Happy Mother’s Day

My mother, Flo Ella Cannon Davis, and Brendan Michael Jones, her great grandson

Mother’s Day has never been a favorite holiday of mine. There are many reasons, but the main one is that I felt I could never please my biological mother with any gift. She always found a way to make me (and others) know that she did not like it or that I did not do my best. That was just my mother.

My sister in Atlanta will verify this without blinking an eye. I remember one Mother’s Day when Paula searched the entire Atlanta area to find a gown that was made of a particular material that Mother had come to love. Paula drove to Rich’s to buy two of them and was so proud of her find. When Mother unwrapped the beautiful gift box, she threw it down on the floor, and said, “That is NOT what I wanted. I thought you knew the kind of material I have to have.” I saw my sister’s face crumble and then watched as she regained her composure to get through the day. She whispered to me, “That’s the last gown I will ever buy.”

That was just our mother’s way about most gift giving. Some would tell you that she was a spoiled brat from the time she was a child. She was my grandfather’s favorite of his three girls. Add to that the fact that she was ill as a youngster and later diagnosed with childhood epilepsy, a disease about which little was known at the time. She had seizures, and from what we were told, the entire household came to a screeching halt when one presented. She did not have to do the same work as the other two girls and she got away with murder, according to one sister. “Daddy simply would not discipline Flo Ella like he did us,” my aunt said years later.

My mother grew up, was very lovely to look at, and began liking a handsome young man in the same third grade class that she attended. They were sweethearts from then until high school graduation, were married, and I was born on their third wedding anniversary. Alas, my good looking and very personable young dad did not know that I had been born for he was far around the world in the midst of World War II. We did not even know he had learned I had been born until two years after he was killed in action. My mother was never the same after getting that terse yellow telegram in the middle of the night. He died July 2, 1943, but it was several days before the missive arrived by taxicab to our suburban home. The words, “We regret to inform you …” changed our lives.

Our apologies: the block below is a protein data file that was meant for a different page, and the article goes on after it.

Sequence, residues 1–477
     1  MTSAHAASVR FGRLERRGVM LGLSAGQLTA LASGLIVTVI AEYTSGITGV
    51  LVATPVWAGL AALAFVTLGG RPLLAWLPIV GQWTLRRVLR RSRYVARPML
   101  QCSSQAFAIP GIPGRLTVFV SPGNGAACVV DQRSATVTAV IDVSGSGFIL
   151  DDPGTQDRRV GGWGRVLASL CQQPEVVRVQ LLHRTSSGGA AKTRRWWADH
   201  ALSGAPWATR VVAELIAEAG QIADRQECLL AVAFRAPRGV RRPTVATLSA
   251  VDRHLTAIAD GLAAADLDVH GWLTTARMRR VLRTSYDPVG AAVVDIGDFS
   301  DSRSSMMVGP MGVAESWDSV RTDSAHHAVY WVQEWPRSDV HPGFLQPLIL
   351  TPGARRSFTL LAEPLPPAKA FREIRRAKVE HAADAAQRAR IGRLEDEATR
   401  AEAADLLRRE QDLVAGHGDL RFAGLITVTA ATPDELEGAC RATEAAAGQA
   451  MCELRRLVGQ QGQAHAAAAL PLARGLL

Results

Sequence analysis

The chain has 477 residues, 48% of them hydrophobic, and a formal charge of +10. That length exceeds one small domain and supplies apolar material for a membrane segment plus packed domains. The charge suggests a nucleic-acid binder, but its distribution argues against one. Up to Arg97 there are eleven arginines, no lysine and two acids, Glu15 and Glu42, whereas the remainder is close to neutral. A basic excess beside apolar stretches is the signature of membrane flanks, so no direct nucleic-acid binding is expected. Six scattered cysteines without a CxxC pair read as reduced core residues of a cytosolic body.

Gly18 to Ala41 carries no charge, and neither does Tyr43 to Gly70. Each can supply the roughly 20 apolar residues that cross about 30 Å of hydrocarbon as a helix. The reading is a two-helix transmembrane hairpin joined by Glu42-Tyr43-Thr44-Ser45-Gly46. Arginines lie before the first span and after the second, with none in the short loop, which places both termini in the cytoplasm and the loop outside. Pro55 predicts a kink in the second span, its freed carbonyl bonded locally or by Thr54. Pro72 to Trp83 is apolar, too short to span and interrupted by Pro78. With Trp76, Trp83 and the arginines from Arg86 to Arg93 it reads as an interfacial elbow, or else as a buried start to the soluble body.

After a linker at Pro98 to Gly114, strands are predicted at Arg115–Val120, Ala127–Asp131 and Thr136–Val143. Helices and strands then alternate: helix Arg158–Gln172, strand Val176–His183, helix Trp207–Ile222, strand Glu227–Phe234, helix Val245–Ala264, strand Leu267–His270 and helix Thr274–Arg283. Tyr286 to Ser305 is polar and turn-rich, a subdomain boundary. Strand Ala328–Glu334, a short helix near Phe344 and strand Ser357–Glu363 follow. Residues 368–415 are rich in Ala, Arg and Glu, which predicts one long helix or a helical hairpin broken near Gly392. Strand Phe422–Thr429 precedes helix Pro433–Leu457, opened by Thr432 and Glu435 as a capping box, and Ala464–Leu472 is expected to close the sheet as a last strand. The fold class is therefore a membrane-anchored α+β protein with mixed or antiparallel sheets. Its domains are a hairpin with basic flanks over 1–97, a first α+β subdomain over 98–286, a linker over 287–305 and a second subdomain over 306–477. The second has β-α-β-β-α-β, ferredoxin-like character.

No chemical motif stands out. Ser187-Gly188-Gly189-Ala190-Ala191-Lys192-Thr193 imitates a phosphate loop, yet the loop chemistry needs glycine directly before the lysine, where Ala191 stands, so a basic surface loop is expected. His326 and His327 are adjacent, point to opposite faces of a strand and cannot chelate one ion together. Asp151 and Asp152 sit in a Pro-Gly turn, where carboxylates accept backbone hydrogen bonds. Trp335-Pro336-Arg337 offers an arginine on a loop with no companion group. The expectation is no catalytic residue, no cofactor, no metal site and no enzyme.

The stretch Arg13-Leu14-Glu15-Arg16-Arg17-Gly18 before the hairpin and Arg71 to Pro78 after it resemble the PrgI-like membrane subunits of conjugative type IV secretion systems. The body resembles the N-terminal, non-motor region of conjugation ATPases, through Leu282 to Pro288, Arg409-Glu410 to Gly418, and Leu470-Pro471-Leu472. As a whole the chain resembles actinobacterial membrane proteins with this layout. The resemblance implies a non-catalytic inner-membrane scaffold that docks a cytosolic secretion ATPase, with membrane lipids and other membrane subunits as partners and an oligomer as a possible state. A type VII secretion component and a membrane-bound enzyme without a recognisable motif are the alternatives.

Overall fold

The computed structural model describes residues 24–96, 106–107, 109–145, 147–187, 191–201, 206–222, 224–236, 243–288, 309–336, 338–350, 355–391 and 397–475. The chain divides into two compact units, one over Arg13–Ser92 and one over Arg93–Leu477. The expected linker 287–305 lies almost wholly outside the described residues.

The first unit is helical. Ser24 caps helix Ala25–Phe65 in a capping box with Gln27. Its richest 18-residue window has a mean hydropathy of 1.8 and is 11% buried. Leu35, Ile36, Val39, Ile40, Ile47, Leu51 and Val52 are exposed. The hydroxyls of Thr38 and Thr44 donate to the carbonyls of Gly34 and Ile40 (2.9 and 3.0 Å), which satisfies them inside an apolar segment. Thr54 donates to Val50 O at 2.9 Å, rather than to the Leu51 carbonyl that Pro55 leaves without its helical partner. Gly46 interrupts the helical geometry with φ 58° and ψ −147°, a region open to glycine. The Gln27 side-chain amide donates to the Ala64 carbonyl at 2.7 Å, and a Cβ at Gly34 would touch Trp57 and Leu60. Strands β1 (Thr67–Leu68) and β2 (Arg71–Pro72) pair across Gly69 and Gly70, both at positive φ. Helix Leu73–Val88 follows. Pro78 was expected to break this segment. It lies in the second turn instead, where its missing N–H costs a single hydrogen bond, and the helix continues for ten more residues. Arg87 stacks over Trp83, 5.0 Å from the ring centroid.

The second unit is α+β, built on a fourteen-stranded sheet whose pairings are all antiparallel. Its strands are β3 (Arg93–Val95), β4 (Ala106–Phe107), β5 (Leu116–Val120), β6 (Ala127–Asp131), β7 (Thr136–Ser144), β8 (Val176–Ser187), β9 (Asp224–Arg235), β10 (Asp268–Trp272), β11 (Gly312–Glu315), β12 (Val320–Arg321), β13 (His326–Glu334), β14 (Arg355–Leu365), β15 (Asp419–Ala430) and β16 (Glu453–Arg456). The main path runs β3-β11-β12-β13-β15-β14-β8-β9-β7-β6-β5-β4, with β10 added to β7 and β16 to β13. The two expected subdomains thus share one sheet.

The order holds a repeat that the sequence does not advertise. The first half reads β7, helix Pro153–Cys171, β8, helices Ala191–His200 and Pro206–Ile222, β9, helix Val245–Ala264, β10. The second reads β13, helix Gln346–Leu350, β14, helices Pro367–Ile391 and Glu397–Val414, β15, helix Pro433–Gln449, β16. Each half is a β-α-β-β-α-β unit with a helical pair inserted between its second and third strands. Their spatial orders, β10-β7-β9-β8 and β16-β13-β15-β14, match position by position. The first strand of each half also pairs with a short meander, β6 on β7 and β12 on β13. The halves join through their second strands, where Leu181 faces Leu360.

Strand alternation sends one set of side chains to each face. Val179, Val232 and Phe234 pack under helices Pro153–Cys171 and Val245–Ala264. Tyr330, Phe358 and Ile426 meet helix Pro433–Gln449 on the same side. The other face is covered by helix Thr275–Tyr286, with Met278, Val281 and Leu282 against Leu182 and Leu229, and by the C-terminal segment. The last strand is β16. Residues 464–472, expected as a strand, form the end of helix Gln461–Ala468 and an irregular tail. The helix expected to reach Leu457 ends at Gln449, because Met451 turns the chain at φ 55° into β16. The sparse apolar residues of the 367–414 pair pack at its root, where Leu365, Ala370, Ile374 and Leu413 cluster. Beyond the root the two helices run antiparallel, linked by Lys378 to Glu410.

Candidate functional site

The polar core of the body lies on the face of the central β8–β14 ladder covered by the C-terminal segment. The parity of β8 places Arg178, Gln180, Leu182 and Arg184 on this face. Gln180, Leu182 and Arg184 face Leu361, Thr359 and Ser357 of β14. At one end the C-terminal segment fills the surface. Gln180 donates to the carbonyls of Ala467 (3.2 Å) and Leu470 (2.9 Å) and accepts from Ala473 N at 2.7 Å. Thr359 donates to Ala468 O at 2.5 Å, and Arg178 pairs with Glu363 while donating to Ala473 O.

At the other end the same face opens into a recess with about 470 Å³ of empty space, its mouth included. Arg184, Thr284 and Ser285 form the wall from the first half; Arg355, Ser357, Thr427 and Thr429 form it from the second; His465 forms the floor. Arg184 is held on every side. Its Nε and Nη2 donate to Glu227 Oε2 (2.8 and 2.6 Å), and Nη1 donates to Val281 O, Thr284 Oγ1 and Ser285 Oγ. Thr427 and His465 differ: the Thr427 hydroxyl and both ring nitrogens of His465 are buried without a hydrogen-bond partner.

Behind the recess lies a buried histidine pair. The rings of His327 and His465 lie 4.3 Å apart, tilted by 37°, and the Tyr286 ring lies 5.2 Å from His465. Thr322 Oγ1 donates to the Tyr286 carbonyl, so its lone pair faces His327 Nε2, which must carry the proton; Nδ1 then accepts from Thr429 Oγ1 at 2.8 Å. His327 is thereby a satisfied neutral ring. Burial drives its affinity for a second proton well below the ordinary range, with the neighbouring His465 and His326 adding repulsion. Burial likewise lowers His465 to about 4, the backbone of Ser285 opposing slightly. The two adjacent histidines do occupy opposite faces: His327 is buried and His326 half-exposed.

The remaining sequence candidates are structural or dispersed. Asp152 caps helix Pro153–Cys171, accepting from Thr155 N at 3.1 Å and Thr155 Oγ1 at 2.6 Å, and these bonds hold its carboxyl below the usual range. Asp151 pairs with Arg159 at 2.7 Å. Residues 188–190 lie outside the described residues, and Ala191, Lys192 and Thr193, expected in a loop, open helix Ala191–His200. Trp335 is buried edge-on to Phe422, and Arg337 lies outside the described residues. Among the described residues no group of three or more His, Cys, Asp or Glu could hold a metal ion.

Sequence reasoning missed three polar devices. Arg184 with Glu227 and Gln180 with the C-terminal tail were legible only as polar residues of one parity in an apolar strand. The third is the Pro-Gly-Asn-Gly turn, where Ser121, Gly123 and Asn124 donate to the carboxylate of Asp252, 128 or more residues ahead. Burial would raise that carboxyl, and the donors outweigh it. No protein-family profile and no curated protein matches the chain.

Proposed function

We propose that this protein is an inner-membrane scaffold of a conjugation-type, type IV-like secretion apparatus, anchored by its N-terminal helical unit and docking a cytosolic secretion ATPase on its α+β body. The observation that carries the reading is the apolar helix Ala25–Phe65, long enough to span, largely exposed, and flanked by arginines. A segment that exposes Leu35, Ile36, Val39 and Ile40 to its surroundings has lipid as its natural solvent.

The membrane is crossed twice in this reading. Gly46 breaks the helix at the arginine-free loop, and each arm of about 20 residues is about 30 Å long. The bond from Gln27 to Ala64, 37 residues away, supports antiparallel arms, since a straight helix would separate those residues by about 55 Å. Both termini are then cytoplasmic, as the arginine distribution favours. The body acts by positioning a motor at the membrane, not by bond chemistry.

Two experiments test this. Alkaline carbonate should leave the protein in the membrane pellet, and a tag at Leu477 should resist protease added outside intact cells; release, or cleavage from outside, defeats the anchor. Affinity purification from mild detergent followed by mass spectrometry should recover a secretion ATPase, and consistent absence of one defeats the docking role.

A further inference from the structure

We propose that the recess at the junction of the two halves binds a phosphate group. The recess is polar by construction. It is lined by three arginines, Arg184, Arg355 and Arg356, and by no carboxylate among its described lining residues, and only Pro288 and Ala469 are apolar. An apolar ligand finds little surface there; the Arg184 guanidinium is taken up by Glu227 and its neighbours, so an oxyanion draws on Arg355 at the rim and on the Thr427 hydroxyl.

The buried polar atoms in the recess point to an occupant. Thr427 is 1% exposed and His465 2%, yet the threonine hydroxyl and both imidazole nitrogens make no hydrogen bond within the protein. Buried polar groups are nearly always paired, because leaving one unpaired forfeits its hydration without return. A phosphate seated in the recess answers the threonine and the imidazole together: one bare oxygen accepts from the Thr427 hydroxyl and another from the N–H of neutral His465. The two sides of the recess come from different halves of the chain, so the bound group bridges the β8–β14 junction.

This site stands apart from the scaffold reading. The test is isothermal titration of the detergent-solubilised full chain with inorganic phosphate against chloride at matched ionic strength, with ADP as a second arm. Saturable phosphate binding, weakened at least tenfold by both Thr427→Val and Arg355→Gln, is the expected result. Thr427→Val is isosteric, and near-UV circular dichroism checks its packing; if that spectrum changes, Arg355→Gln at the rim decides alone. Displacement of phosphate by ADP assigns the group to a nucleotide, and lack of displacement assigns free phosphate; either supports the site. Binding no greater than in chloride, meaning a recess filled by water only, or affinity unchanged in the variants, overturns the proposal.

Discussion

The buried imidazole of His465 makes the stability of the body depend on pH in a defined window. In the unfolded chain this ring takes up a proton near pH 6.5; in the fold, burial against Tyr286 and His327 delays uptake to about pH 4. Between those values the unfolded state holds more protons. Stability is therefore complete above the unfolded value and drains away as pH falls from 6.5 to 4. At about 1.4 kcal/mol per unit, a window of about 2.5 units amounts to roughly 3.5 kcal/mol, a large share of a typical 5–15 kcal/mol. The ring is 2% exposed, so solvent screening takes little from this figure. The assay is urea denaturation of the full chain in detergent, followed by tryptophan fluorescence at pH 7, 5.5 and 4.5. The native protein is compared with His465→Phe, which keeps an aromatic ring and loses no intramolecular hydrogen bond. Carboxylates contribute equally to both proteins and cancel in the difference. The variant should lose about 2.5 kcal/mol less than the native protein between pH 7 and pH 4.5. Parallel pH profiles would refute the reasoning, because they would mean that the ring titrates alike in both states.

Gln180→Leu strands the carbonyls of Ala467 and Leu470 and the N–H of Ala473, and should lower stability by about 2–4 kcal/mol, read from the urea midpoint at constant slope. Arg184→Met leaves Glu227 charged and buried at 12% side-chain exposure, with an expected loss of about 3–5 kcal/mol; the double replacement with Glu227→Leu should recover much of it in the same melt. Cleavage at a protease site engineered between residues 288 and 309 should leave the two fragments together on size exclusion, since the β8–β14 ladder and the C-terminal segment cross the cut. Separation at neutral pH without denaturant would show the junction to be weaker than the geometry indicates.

Two years later, a young soldier came to my grandparents’ farm house in the Atlanta area and told my mother of the firsthand experience of seeing my dad blown to bits by Japanese artillery that had supposedly been dismantled and cleared from New Georgia Island. They had a ceremonial burial at sea for those killed whose bodies could not be identified. Again, my mother was rendered stricken. She was not required to do anything. My gracious aunts lived there in the home with my Mama Cole and Papa Cole and took care of me. I lacked for nothing except, perhaps, for a mother’s love and affection.

I was past 40 years of age before I realized that my mother probably really did not hate me, even though I had thought so for years. My paternal grandmother explained that I was just so much like Bob, my handsome dad, and that even my actions, my writing and singing little jingles, the way I rolled my eyes, everything about me, was him made over, and that it pained my mom to see me. How was I to know? I never saw him and never knew about his cute little ways or how much people loved him.

I have had a happy life and seen and done many things. My mother eventually married again and had a decent life for the most part, but deep down in her soul, she never loved anyone again like she loved Bob, her sweetheart. Nothing ever measured up in her eyes.

But I want to end on a positive note and write something I have never voiced before. Thank you, Mother, for helping to make me tough and durable, and able to get through this world when pain, illness, disappointment and even death came knocking. I have a part of your strength and backbone, and it has helped to make me strong, resilient, and a survivor of sorts. Thank God I had the love of Mama Cole and Aunt Anna and Aunt Minnie to soften up the edges and add the finishing touches. They taught me to be happy and to live life to the fullest. God had a plan for my life and I learned to dwell on Him. Between you all, I have had a good balance. So thank you from the bottom of my heart. Have a happy Mother’s Day in heaven.

 

Brenda Cannon Henley can be reached at (409) 781-8788 or at brendacannonhenley [at] yahoo [dot] com.

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